In English, many things are named after a particular country – but have you ever wondered what those things are called in those countries?
1(daybreak)madrugada feminineamanecer masculinebefore daylight — antes de que amanezca
- The man and the woman work on it from daylight to dusk.
- They worked from daylight to dusk to get it all ready.
- I definitely wanted the animal out of my driveway before daylight and the Monday morning carpool.
- It was daylight before Dusty had returned.
- But as daylight broke, Mr Grogan was returned victorious.
- The daylight creeping up on night just outside my window would be the last of anything I saw out that window.
- The next morning at first daylight we prepared the cars, we packed our bags, we got ready to leave the hotel.
- It wasn't until daylight this morning, I found that a window in my front door had been badly cracked.
- As it was, the darkness of night was beginning to give way to the gloaming before daylight.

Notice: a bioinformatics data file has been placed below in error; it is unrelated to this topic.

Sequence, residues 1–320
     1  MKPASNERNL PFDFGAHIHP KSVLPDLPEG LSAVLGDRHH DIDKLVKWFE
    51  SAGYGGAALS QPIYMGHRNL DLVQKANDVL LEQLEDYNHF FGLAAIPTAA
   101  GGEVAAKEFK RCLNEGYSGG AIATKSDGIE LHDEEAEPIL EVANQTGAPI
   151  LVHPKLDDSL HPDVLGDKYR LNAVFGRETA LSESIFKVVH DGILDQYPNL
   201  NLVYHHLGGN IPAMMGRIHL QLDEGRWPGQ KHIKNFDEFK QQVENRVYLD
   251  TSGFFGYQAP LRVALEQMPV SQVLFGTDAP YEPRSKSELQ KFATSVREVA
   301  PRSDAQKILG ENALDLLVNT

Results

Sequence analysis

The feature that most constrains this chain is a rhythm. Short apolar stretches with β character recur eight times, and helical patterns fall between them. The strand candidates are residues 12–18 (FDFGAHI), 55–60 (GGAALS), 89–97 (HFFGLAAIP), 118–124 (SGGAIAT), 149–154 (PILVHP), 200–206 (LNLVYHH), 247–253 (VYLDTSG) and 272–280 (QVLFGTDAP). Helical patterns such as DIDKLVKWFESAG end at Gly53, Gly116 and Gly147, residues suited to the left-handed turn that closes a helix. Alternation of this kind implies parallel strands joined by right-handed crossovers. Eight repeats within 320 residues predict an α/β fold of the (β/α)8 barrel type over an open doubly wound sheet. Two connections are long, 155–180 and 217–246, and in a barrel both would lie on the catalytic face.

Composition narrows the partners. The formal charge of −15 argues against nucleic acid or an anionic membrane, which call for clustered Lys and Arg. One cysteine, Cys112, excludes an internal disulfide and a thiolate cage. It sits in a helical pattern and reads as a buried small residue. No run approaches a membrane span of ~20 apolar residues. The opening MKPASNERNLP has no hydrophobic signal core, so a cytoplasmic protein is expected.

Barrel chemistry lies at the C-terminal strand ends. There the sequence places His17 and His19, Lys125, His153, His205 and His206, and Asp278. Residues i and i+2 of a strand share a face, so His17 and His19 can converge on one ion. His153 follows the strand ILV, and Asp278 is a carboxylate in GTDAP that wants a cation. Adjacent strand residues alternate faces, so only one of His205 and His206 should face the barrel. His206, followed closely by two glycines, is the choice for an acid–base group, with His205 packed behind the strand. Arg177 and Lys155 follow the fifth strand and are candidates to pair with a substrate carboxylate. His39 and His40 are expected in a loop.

- I returned to the same spot at daylight and resumed where I left off.
- Just after midway between midnight and daylight, Aver left the house.
- Before daylight Peter had returned to the scene of his crime and picked up where he had left off teaching.
- Night passed and daylight began to creep over the horizon; the chirping of wild birds woke me.
2(daytime)(attack/raid) (before noun) diurnoit is still daylight — todavía es de día
3(light of day)luz (del día) femininewe must bring this matter into the daylight — debemos sacar este asunto a la luz
- to see daylight — (have end in sight) vislumbrar el final
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